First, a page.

After establishing major action chops with an opening that finds Mafia bodyguard/hitman Salvo (Saleh Bakri) singlehandedly taking out the members of a double-pronged attack on his boss, debuting directors Fabio Grassadonia & Antonio Piazza switch gears, turning this Palermo-set gang rivalry story into a deliberately paced, mesmerizing art-house character piece. Hunting down the man behind the assassination attempt, Salvo sneaks into his house and finds a kid sister counting stacks of cash. Vision-impaired to near blindness, she doesn’t see him, but feels a presence just as her brother comes in. The rest of the film, which reaches unexpectedly intense levels of slow-burn suspense & romance, plays out in a laconic fog of unspoken emotions that are allowed to frustrate (make that encouraged to frustrate) in near dialogue-free episodes before things begin adding up, seemingly without external prompts, to deepening dramatic satisfaction. And if the relationship struggles between Salvo and the blind woman (Sara Serraicco) lean toward classic ‘two-handers,’ Grassadonia & Piazza, who also co-scripted, neatly stir in a host of vivid characterizations beyond those contours. Especially in a mother/son pair of caretakers who worry over Salvo’s lack of appetite when they aren’t informing on his behavior or fixating on his lean handsome form.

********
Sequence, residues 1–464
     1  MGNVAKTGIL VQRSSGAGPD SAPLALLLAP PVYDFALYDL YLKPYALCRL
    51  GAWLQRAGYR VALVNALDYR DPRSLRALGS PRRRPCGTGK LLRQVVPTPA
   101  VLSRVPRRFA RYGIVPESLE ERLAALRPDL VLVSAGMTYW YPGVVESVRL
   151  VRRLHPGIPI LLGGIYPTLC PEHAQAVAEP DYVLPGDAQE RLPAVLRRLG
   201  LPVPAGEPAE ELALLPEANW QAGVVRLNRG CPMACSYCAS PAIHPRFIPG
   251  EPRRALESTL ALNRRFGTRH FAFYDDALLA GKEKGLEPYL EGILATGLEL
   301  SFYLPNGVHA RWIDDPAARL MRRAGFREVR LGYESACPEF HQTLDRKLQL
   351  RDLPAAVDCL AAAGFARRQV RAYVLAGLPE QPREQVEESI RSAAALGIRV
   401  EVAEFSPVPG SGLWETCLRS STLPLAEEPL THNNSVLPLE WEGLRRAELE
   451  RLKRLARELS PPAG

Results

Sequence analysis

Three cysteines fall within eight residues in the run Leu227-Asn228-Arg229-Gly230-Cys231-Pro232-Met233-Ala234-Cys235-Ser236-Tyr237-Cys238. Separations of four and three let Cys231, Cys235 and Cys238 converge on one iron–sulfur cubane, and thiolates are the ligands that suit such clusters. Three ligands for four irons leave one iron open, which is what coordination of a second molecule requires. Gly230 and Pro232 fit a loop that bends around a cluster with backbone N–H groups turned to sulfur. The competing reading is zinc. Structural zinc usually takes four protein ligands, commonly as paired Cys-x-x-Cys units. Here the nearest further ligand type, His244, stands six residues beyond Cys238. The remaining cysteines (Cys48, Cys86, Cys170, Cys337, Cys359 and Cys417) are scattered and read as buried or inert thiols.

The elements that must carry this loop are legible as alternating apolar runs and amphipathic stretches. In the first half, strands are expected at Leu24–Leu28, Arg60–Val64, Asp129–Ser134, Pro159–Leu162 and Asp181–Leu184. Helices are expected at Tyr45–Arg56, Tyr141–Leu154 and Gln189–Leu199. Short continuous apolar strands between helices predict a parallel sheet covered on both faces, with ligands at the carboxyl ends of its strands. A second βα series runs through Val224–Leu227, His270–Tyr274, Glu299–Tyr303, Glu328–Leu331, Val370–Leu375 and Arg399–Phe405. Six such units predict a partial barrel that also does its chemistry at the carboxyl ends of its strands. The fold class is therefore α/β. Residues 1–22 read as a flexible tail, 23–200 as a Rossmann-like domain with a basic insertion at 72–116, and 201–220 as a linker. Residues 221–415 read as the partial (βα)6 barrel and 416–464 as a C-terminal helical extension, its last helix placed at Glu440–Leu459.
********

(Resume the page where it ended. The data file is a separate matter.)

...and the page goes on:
SCREWY THOUGHT OF THE DAY: This is what Nicolas Winding Refn (DRIVE/’11) thinks he’s up to.
DOUBLE-BILL: Unsentimental in the real world, hitmen often fall for their targets in the movies. Try Ophüls' THE RECKLESS MOMENT/’49 with Joan Bennett in pearls & white gloves and James Mason worrying about her smoking habits.